Sadr started his letter to the public by stating that all of the nation’s people need to “stand seriously and carefully” to assist the nation in rising above its present “hard and critical” political hardships. His public address comes at a sensitive time for Iraq and especially the predominantly Shiite southern cities as mass protests have spread throughout the region over poor infrastructure, services and a high rate of unemployment. Perhaps this is his plan though — because, in conjunction with those things, protesters are also demanding that the government put a stop to corruption at all levels.

Sadr claimed in his letter that the majority of “corrupt” political officials have transitioned out or have been put on trial for their wrongdoing. He added that the “protesting soul” has taken hold of the nation and its people, something that has been made very clear to the government through the many people excising their rights by going out into the streets to protest. Sadr’s campaign, alongside its partner Communist Party of Iraq, centered around putting a stop to corruption in the current government. His letter added that,

“We shouldn’t return to any type of sectarian alliances, and to remain under the national framework, which will make everyone partners in building a homeland. That is why I will boycott any alliance or any government program that isn’t under the national framework.”

Sadr described his list of incoming Prime Minister requirements as the “basics … that could become a declaration for an alliance,” and were as follows:

The new Iraqi Prime Minister must,

• Be independent of influence outside of the parliament

• Not have dual citizenship

• Be acceptable on the national level and known for his patriotic stance

• Have total jurisdiction in his work and no political party interference

• Not run for future elections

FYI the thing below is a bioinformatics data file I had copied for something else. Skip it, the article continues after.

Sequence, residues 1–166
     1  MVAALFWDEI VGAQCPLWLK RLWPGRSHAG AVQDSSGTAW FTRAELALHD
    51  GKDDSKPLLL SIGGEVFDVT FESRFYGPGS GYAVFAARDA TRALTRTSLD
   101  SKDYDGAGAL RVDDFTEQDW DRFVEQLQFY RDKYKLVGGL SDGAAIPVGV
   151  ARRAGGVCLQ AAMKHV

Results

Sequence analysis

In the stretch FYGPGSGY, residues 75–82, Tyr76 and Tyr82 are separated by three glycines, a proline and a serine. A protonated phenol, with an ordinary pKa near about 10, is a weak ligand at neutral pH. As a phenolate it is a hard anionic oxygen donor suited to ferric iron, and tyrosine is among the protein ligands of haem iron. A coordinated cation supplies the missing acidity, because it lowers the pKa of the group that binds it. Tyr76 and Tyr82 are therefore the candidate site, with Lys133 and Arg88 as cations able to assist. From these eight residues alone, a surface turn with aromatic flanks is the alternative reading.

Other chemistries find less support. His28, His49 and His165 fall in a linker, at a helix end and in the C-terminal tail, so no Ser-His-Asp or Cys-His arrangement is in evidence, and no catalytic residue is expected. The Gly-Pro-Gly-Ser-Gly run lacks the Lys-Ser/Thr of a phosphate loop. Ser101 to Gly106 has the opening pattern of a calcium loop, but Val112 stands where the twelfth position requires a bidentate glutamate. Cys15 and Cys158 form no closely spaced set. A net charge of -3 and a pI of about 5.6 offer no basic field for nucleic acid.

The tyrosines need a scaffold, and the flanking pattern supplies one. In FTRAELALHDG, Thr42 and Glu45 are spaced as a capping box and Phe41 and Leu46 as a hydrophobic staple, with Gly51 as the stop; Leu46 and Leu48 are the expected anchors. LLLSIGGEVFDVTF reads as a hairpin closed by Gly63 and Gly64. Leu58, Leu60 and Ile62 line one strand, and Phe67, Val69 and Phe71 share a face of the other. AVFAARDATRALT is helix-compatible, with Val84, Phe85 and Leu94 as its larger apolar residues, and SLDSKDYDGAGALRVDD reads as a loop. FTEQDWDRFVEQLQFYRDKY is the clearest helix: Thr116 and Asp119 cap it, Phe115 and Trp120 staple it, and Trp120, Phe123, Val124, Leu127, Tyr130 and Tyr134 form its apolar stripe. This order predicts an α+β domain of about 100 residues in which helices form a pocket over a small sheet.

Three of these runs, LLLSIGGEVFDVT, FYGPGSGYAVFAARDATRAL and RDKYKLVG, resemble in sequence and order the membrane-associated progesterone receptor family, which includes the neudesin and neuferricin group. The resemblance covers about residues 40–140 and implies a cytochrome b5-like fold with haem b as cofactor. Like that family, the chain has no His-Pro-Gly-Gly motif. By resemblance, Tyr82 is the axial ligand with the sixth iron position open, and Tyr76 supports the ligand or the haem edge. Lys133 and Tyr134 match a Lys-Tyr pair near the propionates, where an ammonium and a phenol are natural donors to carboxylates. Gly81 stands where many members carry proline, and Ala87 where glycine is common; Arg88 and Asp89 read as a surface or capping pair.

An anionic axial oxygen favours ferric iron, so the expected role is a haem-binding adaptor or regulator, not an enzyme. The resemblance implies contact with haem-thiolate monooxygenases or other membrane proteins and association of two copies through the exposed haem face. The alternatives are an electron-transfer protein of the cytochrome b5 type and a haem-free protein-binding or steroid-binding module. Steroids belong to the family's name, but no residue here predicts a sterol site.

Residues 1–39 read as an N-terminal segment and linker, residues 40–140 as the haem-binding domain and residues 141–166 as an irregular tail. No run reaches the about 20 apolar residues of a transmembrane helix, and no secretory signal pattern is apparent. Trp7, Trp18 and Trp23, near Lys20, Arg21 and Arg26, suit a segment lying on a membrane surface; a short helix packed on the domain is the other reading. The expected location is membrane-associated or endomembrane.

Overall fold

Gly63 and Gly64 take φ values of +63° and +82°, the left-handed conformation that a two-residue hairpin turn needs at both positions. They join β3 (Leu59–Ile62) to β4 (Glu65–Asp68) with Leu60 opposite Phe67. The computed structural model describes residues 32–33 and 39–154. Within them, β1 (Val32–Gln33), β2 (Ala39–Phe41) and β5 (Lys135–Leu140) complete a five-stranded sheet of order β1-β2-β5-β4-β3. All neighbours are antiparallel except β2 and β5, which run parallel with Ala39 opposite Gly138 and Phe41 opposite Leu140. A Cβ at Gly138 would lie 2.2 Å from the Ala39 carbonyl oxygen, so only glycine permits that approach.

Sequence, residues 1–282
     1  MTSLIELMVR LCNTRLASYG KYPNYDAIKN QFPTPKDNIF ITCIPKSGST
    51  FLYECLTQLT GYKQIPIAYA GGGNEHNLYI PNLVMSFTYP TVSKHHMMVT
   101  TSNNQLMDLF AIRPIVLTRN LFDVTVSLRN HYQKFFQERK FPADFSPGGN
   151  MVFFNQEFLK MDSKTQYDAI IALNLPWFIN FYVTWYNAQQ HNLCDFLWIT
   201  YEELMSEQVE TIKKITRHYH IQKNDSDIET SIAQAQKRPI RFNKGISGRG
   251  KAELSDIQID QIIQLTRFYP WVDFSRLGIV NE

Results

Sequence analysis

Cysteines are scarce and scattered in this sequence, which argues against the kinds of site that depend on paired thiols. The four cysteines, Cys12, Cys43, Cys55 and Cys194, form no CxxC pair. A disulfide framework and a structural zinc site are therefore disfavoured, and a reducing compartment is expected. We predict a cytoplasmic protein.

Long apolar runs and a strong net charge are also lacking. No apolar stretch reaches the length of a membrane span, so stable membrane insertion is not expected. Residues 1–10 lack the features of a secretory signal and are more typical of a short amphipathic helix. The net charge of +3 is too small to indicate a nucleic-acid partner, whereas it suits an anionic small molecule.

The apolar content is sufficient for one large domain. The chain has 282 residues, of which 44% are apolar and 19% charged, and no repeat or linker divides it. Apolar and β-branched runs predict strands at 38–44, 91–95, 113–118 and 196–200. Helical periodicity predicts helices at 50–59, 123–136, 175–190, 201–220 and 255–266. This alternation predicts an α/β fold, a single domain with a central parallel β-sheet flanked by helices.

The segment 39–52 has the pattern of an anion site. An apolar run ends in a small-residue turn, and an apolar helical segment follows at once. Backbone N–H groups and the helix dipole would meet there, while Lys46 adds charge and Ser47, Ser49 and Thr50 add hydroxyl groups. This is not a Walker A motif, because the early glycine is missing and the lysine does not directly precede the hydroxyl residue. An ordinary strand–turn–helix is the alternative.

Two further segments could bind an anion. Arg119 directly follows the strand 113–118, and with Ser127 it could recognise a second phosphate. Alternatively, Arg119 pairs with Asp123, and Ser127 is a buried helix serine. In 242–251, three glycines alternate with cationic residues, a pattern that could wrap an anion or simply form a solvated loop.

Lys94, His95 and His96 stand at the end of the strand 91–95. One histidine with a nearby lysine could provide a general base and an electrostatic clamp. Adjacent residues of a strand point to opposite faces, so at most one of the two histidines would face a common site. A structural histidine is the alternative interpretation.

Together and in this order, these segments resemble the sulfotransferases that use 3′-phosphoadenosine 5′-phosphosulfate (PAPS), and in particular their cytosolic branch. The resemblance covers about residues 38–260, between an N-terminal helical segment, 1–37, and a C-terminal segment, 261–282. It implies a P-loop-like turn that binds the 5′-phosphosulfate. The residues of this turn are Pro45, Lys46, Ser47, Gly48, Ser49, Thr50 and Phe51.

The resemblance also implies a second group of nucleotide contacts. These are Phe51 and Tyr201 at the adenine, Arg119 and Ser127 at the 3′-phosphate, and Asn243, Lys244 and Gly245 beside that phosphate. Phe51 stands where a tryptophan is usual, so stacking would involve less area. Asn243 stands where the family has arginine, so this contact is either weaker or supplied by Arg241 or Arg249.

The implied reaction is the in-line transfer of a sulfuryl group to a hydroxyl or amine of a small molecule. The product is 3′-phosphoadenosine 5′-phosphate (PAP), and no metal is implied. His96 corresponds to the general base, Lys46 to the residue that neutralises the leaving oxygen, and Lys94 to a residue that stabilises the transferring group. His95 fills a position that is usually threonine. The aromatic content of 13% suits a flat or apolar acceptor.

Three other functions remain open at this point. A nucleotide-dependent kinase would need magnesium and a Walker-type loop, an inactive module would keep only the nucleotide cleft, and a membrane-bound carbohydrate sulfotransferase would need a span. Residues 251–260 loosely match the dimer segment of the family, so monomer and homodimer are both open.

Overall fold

• Not work off ethnic, sectarian, national or party lines

• Not pander to external pressures that violate the sovereignty of Iraq

• Maintain a good reputation and be bilingual

• Be just and fair, not use brute force against any side

• Pursue the end of political party interference in the government

Featured image: Supporters of Shiite cleric Muqtada al-Sadr, carry his image as they celebrate in Tahrir Square, Baghdad, Iraq. The unexpected alliance between Iraq’s mercurial Shiite cleric Muqtada al-Sadr and an Iran-backed coalition of powerful Shiite militias, who fought Islamic State group, will boost Tehran interests in Iraq and give it more leverage over the process of forming the next government. | AP Photo/Hadi Mizban, File

Israel Tramples Palestinians Outside the Temple Walls (Revelation 11:2)

Israel halts fuel shipments to Gaza citing continued fire balloon launches

Israel will stop shipments of fuel and gas to the Gaza Strip from Thursday in response to militants in the enclave launching incendiary balloons that have torched fields in Israel.

A statement from Defence Minister Avigdor Lieberman’s office on Wednesday said he had ordered a halt to fuel supplies into the strip via the Kerem Shalom crossing until further notice.

“The decision has been taken in view of the continued terror of incendiary balloons and friction along the (border) fence,” the statement said.

Four months of weekly Friday border protests that began on March 30 have calmed slightly but organizers have vowed they will continue until Israel lifts economic sanctions on the enclave.

At least 155 Palestinians have been killed in the protests and one Israeli soldier was shot dead by a sniper in Gaza.

Israel has lost tracts of farmland and forests to fires set by kites and helium balloons laden with incendiary material and flown over from Gaza. Israel had already responded by preventing the entry of non-essential commercial goods to Gaza.

(Writing by Ori Lewis; Editing by Robin Pomeroy

Obama Has Already Sold US Out to Iran

A woman walks past a mural painted along Palestine Square in the Iranian capital Tehran on July 24.Atta Kenare / AFP – Getty Images

Trita Parsi Trump’s offer to meet with Iran’s President Rouhani won’t get us a better deal. We had our chance and lost it.

Iran has offered American deals to end their nuclear programs before, but we preferred belligerency to diplomacy

Jul.30.2018 / 7:42 PM E

After withdrawing from the Iran nuclear deal and threatening Iran with “consequences the likes of which few throughout history have ever suffered before,” President Trump announced on Monday that he wants to meet with President Rouhani without preconditions to craft a new deal.